Although discontent with their economic situation, not more Europeans have developed nationalistic or xenophobic worldviews. So, how can we explain the success of far-right parties in the past years? Bartels thinks they have simply become more apt at mobilising their potential voter base, who have always shared their ideas but did not go to the polls. Recent insights from Germany seem to confirm this hypothesis: 25% of the AfD’s supporters did not vote in the previous election.
Taking ideas at face value
The ideas of the far right, offering a politics of authority, tradition and exclusion to the desire for order, orientation and community, seem to be attractive on their own, independently of a country’s economic and social performance. To them, foreigners, globalisation and social diversity then constitute problems in themselves, undermining their vision of an orderly society.
The importance of these ideas is revealed by the research of Robert Ingelhart and Pippa Norris. Also using data from the European Social Survey, they show that far-right voters voters are motivated by authoritarian values, a critical attitude towards foreigners and international cooperation, rather than economic insecurity.
In the U.S., a survey by the Patrick Forscher and Nour Kteily of people who self-identify as “alt-right” seems to confirm this hypothesis. The study finds that alt-right supporters do not have a more negative outlook on their own economic welfare and the economy overall than the rest of the population. Tellingly, 73% of AfD voters perceive the economic situation of Germany as «good», according to exit polls. This is below the average, but still relatively high.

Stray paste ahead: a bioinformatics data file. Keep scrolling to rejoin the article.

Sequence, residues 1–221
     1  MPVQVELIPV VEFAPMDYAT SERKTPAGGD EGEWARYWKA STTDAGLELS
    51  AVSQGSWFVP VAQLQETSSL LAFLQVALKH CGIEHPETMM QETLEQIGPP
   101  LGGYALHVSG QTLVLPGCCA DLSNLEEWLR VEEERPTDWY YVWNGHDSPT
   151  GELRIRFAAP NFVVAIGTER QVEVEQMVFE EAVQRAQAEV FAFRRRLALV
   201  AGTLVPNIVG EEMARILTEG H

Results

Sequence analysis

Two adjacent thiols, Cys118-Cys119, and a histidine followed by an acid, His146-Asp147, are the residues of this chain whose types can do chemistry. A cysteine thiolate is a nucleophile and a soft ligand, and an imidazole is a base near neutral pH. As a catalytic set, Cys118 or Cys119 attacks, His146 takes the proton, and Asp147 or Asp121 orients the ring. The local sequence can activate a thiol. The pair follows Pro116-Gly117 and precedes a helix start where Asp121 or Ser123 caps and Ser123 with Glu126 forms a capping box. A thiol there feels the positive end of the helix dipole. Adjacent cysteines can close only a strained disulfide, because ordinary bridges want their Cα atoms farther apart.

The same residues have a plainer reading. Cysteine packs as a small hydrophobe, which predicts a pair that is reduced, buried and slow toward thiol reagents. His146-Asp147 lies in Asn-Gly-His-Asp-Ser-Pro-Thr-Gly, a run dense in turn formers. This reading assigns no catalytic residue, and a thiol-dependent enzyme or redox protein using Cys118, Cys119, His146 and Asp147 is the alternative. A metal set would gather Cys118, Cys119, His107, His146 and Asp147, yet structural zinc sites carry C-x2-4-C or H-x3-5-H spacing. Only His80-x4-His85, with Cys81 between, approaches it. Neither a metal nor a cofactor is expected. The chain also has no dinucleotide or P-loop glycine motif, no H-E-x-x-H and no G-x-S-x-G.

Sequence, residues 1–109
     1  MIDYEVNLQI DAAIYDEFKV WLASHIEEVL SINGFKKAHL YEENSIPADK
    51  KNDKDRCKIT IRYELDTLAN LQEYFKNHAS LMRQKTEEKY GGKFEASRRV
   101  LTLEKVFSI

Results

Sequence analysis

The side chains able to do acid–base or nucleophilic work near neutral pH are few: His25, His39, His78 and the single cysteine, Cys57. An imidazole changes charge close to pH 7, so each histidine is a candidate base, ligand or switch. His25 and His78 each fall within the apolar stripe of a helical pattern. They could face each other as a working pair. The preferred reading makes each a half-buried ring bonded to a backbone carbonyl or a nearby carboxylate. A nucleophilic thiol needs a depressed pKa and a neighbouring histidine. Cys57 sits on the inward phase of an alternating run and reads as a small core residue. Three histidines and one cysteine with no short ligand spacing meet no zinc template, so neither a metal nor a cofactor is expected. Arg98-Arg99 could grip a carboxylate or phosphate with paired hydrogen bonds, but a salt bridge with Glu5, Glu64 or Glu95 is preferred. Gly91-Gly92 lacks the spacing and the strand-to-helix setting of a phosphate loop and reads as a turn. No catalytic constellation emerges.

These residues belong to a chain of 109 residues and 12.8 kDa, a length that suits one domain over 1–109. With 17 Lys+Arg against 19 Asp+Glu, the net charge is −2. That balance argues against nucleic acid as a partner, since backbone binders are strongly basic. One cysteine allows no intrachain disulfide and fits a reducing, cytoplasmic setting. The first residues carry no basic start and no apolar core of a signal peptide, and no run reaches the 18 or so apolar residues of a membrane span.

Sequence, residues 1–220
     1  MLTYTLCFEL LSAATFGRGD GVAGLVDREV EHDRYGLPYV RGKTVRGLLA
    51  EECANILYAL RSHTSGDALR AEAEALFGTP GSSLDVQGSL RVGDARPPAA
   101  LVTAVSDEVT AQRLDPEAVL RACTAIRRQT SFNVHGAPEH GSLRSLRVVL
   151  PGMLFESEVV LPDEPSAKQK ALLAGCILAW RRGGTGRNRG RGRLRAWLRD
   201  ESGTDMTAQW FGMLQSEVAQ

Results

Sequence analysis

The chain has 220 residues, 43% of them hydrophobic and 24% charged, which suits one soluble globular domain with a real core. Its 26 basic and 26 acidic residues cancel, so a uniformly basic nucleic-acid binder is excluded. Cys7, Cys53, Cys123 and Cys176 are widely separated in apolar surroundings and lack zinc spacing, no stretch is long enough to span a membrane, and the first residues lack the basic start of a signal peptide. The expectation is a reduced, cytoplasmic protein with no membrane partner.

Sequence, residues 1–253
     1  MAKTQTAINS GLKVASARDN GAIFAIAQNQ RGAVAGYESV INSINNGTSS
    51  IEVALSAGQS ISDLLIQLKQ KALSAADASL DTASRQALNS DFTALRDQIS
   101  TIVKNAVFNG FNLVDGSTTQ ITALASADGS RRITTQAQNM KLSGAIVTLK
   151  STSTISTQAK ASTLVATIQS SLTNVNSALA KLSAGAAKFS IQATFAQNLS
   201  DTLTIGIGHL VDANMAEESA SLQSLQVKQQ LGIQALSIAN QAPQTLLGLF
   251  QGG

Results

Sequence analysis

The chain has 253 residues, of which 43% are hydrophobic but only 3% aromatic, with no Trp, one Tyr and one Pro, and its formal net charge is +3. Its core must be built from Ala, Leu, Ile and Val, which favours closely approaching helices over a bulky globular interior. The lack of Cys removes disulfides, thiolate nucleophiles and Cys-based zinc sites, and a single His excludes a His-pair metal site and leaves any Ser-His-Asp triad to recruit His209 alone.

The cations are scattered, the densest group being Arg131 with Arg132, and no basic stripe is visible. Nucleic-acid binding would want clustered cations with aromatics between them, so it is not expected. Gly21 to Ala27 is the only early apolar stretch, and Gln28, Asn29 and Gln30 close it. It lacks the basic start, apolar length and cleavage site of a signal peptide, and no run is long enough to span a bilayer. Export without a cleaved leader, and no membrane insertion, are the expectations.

Fight an idea with another idea
So, what can we do? One can fight an idea only with another idea. This proverb from the famous Ben Hur movie might serve as inspiration to the opponents of the far right. It is their task to advance their own ideas and to communicate them emotionally – in the hope to fully capture and enlarge the reservoir of votes.
The counter project to the longing for authoritarian strongman is the separation of powers and human rights, the ultimate safeguards from tyranny. To respond to the need for community, an institutional patriotism cherishing a collective identity in the joint exercise of democratic rights, can be celebrated. In an attempt to tame the self-centered traits of humans, the promotion of education and (self-) enlightenment are key. The zero-sum logic of tribal and national competition can be opposed with a win-win narrative of cooperation. Finally, to the politics of exclusion, an answer can be found in the defence of an open and pluralist society, mindful of keeping the balance between the individual pursuit of happiness and leaving no one behind.
Advancing economic inclusion as well as finding clever solutions to social and economic problems will always be important and are goals in themselves. However, it does not – and will not – suffice to keep the far right at bay. Ideas need to be fought with ideas.